A funny little tidbit about this is that they assigned me a random number for my bike, and they gave me number 19. I took this as a sign that this really was meant to be for me. At the end of the day, I had absolutely fallen in love and was all-in on the idea of racing. At the end of the season, I bought a designated race bike, a 2016 Yamaha R3. I spent the winter painting it with the help of my dad to make it my own, and when it got warm outside, I went hard on track days preparing to do my first race. I did my first race in August 2019 and got second place!

3. What made you want to keep doing it?

Something that has kept me coming back to racing, is the community.

I have met so many people who have become so close to me and are like true family now. It’s kind of hard not to form a close bond with people you’re risking your life with. PA school has made it very difficult to find time to race or get out and practice at a track day, but my friends are the ones who make sure I don’t lose this part of me for the sake of studying.

Apart from this, I love racing because it gives me a huge sense of accomplishment, and when you’re on the racetrack there is no time to think about anything else except the 20 feet in front of you. You really get into a “zone” where you’re not even thinking about what you’re doing, it’s just pure observation and reaction. It also has instilled confidence in me to know that when things are getting fast or difficult or chaotic, I make safe and sound decisions.

4. So … how did you become a pilot?

My dad is a hobby pilot, and he particularly enjoys flying ultralight planes, so I was always exposed to the idea of flying growing up, but it wasn’t until my first semester of PA school that I decided I wanted to try it for myself.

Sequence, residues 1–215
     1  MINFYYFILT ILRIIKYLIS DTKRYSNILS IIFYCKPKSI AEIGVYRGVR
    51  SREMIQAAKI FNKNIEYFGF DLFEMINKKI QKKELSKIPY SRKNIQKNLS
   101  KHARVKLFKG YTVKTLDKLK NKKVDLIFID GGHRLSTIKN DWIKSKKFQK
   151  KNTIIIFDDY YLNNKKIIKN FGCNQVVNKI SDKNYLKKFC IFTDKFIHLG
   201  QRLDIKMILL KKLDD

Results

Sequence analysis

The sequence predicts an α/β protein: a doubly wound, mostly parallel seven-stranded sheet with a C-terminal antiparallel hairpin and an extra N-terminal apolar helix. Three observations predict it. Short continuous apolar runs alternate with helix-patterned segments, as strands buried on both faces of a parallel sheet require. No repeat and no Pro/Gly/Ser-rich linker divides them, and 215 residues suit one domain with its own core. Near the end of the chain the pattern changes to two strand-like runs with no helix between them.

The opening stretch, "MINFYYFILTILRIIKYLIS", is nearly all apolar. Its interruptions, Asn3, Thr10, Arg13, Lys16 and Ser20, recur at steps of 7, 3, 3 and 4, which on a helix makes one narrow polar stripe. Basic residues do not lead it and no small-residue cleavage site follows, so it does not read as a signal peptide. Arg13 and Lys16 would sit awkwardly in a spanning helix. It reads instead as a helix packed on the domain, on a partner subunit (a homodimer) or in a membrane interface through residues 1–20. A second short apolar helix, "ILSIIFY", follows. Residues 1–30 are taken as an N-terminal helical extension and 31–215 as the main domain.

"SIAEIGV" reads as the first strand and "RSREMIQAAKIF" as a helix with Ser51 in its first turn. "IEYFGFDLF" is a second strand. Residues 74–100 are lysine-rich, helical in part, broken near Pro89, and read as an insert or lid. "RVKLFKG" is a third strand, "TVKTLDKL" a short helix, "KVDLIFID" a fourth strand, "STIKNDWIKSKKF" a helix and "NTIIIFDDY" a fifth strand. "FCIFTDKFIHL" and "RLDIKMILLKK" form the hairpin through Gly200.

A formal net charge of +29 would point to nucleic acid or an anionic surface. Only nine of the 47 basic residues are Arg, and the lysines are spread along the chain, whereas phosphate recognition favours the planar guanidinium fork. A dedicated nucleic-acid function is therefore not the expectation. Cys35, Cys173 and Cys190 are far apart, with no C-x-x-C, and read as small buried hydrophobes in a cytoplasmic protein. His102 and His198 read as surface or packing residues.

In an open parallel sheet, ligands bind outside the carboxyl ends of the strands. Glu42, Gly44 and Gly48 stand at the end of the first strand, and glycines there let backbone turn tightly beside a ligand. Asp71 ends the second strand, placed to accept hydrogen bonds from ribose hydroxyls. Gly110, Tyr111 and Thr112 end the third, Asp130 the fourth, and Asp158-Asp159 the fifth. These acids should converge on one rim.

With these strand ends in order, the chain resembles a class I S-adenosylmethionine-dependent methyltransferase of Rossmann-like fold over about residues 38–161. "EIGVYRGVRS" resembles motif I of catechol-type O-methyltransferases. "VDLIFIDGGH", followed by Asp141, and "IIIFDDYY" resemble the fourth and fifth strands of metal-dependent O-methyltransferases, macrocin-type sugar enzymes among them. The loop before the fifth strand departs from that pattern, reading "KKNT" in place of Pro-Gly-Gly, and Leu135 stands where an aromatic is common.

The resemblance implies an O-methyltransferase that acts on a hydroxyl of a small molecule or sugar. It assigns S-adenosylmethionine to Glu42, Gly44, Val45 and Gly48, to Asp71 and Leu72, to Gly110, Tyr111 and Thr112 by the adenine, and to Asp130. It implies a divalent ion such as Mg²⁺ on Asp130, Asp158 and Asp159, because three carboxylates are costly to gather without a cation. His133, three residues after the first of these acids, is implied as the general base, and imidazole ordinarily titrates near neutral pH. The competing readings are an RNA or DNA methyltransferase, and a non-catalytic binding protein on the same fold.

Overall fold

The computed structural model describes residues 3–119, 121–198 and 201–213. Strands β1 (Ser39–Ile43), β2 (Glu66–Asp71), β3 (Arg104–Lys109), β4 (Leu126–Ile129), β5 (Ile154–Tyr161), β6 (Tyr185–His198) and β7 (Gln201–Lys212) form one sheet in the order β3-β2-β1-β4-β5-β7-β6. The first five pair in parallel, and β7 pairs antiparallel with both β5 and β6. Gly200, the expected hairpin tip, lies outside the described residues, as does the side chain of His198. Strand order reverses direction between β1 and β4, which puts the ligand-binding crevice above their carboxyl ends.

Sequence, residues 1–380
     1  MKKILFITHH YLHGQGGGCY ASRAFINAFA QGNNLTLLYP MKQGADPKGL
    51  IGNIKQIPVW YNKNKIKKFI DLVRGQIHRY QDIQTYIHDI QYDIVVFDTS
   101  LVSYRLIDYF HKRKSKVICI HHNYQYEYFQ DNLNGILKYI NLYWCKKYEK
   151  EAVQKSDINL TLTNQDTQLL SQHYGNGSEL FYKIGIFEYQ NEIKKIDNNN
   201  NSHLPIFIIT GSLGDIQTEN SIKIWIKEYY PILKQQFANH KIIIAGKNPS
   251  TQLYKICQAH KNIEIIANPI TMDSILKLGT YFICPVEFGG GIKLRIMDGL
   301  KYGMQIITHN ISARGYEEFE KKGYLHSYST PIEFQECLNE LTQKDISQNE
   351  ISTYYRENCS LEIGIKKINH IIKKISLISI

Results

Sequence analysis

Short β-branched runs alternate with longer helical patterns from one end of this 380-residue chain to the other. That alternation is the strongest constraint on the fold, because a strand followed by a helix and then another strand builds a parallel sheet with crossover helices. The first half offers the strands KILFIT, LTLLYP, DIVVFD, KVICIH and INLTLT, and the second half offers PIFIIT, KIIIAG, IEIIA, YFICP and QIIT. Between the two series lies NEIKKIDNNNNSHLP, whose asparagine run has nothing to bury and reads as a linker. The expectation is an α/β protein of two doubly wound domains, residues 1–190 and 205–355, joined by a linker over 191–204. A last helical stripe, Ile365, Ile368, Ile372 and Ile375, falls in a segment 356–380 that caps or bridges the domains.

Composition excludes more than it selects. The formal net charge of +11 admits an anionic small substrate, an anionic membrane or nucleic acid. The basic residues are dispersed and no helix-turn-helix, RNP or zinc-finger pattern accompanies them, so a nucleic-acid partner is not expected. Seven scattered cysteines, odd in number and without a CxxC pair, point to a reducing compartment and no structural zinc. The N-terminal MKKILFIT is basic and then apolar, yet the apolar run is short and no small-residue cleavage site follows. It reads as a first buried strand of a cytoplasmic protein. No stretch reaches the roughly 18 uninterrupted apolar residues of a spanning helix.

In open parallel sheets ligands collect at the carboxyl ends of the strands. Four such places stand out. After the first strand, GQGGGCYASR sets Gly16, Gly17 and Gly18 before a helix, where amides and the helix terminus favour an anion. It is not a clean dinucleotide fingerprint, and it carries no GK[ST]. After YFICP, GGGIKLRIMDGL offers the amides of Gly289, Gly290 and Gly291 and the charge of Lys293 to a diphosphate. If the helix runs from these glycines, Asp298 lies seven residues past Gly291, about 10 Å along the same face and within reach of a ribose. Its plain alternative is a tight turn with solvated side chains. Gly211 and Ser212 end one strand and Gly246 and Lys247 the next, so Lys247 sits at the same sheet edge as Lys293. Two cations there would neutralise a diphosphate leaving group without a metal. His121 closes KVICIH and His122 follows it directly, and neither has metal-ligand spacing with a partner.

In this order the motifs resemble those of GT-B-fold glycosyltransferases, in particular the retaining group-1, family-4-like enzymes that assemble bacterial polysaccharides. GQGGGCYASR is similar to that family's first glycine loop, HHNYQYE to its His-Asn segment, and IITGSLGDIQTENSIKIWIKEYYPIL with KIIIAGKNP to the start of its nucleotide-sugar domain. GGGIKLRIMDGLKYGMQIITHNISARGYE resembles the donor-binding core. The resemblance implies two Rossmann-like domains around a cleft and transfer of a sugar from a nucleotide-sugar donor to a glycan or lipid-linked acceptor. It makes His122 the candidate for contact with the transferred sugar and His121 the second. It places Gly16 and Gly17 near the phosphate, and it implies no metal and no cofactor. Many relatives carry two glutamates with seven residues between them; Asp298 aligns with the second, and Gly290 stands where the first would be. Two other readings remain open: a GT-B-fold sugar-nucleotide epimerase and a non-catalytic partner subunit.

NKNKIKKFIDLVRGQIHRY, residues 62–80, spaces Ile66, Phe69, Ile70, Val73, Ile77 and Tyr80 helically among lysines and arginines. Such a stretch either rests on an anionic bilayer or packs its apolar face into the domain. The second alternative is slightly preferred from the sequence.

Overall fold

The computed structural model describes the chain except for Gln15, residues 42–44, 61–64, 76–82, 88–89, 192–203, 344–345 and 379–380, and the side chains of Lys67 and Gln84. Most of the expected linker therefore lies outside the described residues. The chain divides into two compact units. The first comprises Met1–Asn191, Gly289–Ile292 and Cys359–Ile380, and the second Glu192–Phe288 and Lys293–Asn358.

I think I really just needed something other than PA school to focus on, and take my mind off of it. Everyone definitely thought I was insane when I decided to learn to fly, which is very complicated and comes with its own online “ground” school, and lots of extra studying, while in my first year of PA school, but I was excited.

There were times where it was very difficult juggling PA school and learning to fly, but I still enjoyed pushing the limits of what’s comfortable and learning something new. I started flight training at the Frankfort airport, but a few months after I started learning to fly, I became a co-owner in a 1976 Piper Archer II, so I then did the rest of my training at the Bardstown airport in my own airplane.

I earned my pilot’s license about a year after I started, as a second year PA student. Of course, there’s times when school gets busy and I don’t fly, but I also have found a great community in aviation that keeps me coming back. The thing I enjoy the most about flying is, again, the sense of challenge and that there is so much going on, you don’t have time to worry about anything else. You’re forced to be present and enjoy the moment.

5. What will you remember most about your time at UK?

I’ve really loved chasing new passions and having new hobbies to take my mind off the stress of PA school, and the friends I’ve made along the way are ones I’ll have for a lifetime.